Saturday, March 9, 2013

Experts urge for regional supply chain

India and Nepal can join hands in developing a regional supply chain as it will benefit both countries, according to experts.
"Nepal can play a key role in enhancing the regional supply value chain, if Nepal and India join hands in service sectors like IT-based entertainment, business processing outsourcing, and insurance," said executive chairman of South Asia Watch on Trade, Economics and Environment (SAWTEE) Ratnakar Adhikari, presenting his paper on 'Facilitating Integration in Regional Supply Chains in South Asia Nepalese Perspective' during the second and last day of 'Brainstorming meeting on Integrating South Asia in Regional Supply Chains: New Directions for Research and Sharing Experiences,' in New Delhi, yesterday.
"Nepal has comparative advantage in animation, and India is better in graphics, sound mixing and special effects," he said, adding that while the higher end of the value chain can be retained in India, the lower end — network management, payroll, call centres, accounting, and document management — for business process outsourcing can be sub-contracted to firms in Least Developed Countries (LDCs) including Nepal. "Likewise, insurance companies that are reinsuring through European and North American insurance companies have the potential to bring these businesses to the region."
The two-day meeting also dwelt on various opportunities and challenges in the regional integration of South Asia.
However, there are hurdles like trade barriers, supply capacity and lack of policy support, too, Adhikari said. "Most service sectors are restricted under General Agreement on Trade in Services (GATS) and schedules of commitments under SAARC Agreement on Trade in Services (SATIS) are yet to be negotiated, apart from domestic regulations of various countries aimed at protecting consumers, maintaining services standards, and achieving other policy objectives could also become de facto trade restrictions," he said. He added that lack of skilled human resources, limited internet penetration and bandwidth, political instability and inhospitable business environment are some other bottlenecks.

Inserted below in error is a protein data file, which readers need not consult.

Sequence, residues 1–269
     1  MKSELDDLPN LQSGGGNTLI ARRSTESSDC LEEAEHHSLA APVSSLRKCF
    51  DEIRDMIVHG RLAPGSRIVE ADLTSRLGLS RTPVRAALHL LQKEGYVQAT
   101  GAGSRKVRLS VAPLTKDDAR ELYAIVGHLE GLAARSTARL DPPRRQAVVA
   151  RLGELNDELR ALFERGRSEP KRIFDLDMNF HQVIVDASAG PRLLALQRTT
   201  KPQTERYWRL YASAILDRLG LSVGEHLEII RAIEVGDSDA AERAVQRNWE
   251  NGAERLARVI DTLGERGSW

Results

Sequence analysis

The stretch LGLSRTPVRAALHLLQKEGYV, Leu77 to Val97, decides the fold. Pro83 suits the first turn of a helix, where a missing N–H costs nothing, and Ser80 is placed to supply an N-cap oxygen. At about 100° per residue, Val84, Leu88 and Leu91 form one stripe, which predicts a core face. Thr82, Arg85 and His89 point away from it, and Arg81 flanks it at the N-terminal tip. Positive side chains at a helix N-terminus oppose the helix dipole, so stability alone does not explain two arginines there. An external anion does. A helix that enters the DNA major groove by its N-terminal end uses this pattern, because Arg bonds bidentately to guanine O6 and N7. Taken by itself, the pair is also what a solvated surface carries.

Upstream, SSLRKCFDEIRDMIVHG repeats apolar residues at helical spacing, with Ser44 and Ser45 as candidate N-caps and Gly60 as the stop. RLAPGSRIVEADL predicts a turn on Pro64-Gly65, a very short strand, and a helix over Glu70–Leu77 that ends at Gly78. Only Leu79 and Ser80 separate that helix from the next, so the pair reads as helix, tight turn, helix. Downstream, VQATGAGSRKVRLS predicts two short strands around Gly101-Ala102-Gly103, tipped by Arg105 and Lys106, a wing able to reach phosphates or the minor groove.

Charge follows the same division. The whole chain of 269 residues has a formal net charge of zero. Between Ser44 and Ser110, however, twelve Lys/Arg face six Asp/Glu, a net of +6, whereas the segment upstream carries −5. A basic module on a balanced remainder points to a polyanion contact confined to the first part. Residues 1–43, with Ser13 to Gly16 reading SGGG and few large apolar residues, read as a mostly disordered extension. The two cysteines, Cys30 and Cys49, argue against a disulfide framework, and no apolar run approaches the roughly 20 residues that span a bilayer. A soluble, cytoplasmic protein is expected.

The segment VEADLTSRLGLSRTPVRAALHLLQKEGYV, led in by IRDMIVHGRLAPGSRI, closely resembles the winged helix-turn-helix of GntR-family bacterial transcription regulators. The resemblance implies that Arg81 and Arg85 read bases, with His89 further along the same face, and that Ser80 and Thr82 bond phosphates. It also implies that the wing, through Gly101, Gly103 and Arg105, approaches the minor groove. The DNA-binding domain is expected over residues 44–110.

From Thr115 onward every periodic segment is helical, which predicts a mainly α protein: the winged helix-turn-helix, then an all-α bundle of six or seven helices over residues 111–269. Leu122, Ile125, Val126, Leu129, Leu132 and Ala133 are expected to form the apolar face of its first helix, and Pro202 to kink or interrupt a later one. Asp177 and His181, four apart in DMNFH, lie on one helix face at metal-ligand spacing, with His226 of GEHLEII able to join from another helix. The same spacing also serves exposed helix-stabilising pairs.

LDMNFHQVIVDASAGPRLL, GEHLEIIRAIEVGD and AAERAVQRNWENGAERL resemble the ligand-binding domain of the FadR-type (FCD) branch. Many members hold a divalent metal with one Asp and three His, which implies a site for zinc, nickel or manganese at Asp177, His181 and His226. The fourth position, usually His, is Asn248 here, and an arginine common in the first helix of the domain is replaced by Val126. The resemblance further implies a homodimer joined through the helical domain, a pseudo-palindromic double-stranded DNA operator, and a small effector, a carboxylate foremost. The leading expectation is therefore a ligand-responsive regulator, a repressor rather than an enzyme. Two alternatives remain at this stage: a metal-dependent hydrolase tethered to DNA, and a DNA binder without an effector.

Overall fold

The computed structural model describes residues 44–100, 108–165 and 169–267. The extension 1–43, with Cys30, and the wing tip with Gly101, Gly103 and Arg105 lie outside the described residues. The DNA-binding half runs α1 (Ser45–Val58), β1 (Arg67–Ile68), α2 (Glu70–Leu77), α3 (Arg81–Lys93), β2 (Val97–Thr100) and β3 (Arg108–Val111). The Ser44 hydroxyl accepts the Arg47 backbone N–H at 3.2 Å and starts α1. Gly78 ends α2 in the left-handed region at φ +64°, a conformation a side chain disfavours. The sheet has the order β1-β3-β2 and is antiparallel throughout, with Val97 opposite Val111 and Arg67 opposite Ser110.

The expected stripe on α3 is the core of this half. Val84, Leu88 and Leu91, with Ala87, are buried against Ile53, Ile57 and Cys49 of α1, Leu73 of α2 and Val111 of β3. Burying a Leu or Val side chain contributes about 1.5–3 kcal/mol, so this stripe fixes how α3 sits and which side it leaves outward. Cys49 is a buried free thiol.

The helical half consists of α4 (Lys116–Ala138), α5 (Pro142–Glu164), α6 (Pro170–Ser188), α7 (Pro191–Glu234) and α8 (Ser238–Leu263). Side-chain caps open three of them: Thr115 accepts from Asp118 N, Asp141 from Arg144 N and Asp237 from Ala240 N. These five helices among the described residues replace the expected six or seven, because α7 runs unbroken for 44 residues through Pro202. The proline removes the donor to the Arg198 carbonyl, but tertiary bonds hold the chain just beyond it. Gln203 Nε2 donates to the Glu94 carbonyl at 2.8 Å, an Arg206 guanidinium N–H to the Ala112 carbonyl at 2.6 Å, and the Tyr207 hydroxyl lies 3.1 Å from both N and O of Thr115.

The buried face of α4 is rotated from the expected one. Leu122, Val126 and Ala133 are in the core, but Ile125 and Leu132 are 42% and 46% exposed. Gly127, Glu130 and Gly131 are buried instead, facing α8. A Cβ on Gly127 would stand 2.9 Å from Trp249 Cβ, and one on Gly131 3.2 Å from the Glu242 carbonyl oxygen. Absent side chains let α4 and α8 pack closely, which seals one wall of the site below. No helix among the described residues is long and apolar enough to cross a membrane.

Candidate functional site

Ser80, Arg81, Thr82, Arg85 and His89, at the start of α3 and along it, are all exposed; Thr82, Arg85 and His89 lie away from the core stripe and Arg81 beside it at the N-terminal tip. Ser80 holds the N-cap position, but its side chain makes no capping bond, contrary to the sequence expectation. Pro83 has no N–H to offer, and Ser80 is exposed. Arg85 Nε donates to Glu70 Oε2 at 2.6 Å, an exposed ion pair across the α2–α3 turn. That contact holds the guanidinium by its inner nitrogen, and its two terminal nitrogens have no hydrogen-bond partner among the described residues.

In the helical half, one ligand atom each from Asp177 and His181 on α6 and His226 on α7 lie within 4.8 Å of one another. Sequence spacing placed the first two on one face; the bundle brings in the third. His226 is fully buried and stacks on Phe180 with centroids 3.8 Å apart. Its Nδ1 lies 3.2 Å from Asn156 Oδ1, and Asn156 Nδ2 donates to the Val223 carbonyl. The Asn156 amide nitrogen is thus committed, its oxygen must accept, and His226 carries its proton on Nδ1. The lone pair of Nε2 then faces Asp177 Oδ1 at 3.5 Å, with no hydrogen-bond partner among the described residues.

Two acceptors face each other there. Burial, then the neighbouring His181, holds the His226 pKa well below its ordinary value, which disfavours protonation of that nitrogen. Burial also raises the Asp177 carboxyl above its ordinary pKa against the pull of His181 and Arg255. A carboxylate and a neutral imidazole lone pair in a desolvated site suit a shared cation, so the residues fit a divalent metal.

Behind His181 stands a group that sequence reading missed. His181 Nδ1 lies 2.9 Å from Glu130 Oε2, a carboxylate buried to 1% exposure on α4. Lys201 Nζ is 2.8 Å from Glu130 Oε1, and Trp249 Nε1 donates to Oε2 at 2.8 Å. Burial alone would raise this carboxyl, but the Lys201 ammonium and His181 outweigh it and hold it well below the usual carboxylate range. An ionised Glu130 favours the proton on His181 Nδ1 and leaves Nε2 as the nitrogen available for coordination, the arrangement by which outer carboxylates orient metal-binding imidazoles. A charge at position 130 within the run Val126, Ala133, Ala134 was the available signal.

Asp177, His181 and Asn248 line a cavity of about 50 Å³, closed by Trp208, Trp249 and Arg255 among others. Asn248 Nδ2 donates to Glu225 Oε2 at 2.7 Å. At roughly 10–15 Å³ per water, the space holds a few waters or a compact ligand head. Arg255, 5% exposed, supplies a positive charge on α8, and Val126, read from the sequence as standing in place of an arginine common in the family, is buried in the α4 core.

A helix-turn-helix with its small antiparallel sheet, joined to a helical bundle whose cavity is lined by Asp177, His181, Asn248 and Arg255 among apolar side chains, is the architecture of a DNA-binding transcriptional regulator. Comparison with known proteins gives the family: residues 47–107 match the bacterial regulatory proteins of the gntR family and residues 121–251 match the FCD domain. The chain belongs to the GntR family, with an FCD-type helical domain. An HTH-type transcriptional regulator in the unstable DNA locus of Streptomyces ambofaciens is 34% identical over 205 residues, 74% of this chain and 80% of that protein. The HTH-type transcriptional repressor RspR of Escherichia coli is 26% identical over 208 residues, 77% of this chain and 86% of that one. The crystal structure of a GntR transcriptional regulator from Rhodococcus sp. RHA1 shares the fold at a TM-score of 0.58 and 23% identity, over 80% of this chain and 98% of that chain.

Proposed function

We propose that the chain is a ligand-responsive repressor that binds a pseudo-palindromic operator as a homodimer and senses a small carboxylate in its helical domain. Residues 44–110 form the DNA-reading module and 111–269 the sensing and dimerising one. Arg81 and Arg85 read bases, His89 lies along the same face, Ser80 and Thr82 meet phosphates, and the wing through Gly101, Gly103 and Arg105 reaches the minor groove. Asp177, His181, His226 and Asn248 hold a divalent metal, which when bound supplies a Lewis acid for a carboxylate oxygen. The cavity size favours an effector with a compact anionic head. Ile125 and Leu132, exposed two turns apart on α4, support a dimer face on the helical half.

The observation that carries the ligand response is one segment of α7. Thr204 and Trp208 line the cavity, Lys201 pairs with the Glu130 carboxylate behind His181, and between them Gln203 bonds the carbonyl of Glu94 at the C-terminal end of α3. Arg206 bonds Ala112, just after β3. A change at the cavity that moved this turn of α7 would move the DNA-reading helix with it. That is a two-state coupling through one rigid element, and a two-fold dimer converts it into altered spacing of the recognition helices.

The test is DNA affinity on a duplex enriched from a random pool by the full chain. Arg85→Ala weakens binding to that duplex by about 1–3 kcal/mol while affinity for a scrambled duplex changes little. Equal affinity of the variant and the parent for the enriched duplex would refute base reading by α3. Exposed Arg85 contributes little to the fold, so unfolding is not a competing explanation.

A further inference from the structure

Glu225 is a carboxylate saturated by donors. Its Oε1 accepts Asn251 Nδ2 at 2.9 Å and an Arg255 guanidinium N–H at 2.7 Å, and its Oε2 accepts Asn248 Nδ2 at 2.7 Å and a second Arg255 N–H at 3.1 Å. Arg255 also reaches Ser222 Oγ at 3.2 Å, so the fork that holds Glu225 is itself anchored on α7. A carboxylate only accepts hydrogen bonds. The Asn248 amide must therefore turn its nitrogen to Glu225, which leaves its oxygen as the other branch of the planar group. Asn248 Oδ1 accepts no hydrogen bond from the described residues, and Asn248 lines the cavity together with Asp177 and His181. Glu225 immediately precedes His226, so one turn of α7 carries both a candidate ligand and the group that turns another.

"Likewise, services trade is not the priority of trade negotiators in the region, coupled with lack of proactive policy initiative at national levels that are also blocking regional integration," Adhikari added.
However, the region can benefit, if it harmonises customs procedure, brings uniformity in standards and collaborates on training, research and development and establishes institutes such as fashion design/technology institutes in goods trade, and liberalises hitherto protected services sector during SATIS negotiations and harmonises domestic regulations to facilitate regional value chain development in service trade facilitations.
Similarly, development of proactive agenda, conducting in-depth study to identify sectors — both goods and services — in which development of regional value chain is feasible and desirable, and trade integration fund for overcoming supply-side constraints at the regional level, and incentives for exports and engagement in regional value chain, establishment of special economic zones and areas and investment in public goods like human capital and infrastructure at the national level will help for a regional supply value chain that will integrate the South Asia economically, he added.

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